New CDs From Musicians Who Play the Field
The makeup of a chamber ensemble, the mind-set of a rock band: This is a description that applies to more and more contemporary music groups. The Kronos Quartet paved the way in 1971; the Bang on a Can All-Stars (which includes an electric guitar) took things up another notch. And today genre-busting is the norm for new music ensembles, from the relatively conservative Eighth Blackbird (which won a Grammy this year for "strange imaginary animals") to So Percussion (which like many of these groups has just formed its own label, shhh Productions). The following are some notable new releases by artists from contemporary ensembles old and new.
-- Anne Midgette
Terry Riley: "The Cusp of Magic." Kronos Quartet and Wu Man, pipa.
You don't need to eat peyote buttons to appreciate "The Cusp of Magic" -- though it probably wouldn't hurt. The opening and closing movements of this fascinating work by California composer Terry Riley are based on Native American peyote rituals, and the music in between -- at turns luminous, frightening and unbearably lovely -- shimmers with the elusive delicacy of a dream. Performed by the Kronos Quartet (which commissioned the work), "Cusp" takes its title from the summer solstice, and evokes those transitional moments in life when the sharp edges of reality become blurred, and anything seems possible.
Riley has grown in recent years from a minimalist to a little-of-everything-ist, and in "Cusp" he incorporates singing, a synthesizer, children's toys, a drum and the traditional Chinese "pipa" lute (played here by Wu Man) to bend and blend musical genres with protean ease. The effect is, in a word, magical: You have the sense of being swept into a surging ocean of memory, where lullabies float up over mysterious drones, nervous waltzes twist suddenly into quirky little marches, and nothing is ever quite what it seems. But the music never descends into runaway eclecticism: Riley's touch remains both sure and deft throughout, and the effect is powerful.
-- Stephen Brookes
Michael Gordon: "Van Gogh." Alarm Will Sound, Alan Pierson, conductor.
Ubiquitous in New York this season, the omnivorous group Alarm Will Sound plays everything from Steve Reich to Aphex Twin, the indie electronic artist whose music was the focus of their last CD. For this album, they turn to a composer who, if not the granddaddy of their brand of contemporary groove, is at least one of its uncles: Michael Gordon, one of the three founders of the composers' collective Bang on a Can.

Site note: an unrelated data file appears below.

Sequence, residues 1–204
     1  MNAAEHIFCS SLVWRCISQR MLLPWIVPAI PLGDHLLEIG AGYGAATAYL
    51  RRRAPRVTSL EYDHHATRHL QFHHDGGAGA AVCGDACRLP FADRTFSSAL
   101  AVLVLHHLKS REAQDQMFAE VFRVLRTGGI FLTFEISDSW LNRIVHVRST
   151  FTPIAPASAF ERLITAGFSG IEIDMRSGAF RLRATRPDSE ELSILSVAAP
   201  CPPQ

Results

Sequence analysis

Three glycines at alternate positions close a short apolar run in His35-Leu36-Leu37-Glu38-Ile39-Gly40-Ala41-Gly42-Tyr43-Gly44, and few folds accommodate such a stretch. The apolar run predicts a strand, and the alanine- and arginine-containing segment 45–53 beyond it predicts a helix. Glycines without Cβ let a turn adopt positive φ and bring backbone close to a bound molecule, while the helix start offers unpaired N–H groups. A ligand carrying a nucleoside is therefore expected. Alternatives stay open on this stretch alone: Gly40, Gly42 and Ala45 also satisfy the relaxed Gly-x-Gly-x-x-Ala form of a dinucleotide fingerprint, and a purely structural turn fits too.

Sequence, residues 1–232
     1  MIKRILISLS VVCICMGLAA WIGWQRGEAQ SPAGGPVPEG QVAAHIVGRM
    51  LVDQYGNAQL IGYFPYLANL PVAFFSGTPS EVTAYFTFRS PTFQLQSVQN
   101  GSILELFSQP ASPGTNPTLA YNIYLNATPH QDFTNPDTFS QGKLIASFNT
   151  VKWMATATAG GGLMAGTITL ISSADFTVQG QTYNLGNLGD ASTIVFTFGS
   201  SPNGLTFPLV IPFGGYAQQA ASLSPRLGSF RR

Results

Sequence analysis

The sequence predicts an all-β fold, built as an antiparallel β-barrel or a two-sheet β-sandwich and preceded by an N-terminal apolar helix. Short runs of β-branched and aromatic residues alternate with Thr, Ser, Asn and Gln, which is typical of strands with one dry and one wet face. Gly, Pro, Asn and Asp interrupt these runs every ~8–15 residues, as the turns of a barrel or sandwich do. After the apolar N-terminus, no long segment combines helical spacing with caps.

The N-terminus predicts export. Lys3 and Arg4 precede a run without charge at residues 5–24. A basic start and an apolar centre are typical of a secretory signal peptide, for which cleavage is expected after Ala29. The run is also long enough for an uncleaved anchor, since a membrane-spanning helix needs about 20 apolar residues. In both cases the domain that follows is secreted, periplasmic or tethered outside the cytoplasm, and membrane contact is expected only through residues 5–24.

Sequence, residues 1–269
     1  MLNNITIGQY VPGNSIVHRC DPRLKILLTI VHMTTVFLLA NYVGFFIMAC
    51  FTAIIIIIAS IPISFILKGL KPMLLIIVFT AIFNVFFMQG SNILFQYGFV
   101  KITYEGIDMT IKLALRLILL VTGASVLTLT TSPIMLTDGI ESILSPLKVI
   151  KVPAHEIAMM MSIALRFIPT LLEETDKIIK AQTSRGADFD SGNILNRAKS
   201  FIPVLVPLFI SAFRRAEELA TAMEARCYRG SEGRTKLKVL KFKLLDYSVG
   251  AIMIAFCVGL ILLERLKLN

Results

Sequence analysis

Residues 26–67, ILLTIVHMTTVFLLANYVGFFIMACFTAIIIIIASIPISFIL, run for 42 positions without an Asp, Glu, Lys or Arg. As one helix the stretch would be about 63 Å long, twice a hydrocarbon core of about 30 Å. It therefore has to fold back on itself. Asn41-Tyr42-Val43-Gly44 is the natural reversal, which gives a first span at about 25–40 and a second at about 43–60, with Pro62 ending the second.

The work they chose, "Van Gogh," dates from the days when Bang on a Can was still establishing its identity; it was first performed in New York in 1991, conceived as a video opera with visuals by Elliot Caplan. With text drawn from the letters of Vincent van Gogh to his brother, it is at once a dramatic narrative, tracing the artist's life from youth through misunderstood creativity to madness; an artistic manifesto; and a young piece struggling with its own naivete.
Gordon's music has the groove of pop and the driving rhythmic patterns of minimalism; this piece explodes with puppylike energy as he strives to fuse the two. Leaner and rawer than more recent works like his large-scale "Decasia," it's a good arena for Alarm Will Sound, which has an engagingly puppylike energy of its own. Since the ensemble has experience to burn -- its members began playing together as students at Eastman in 2001 -- one has to assume that the moments of sloppiness in the performance are intentional. It's not cool to be too polished -- particularly when singing. Straddling the line between opera and pop song, the piece reins in its three vocalists, demanding a boy-soprano straightness from Sarah Chalfy and reducing the tenor, Matthew Hensrud, to adolescent baying. Still, this is an eminently listenable piece by and for artists engaged in a process of creative development.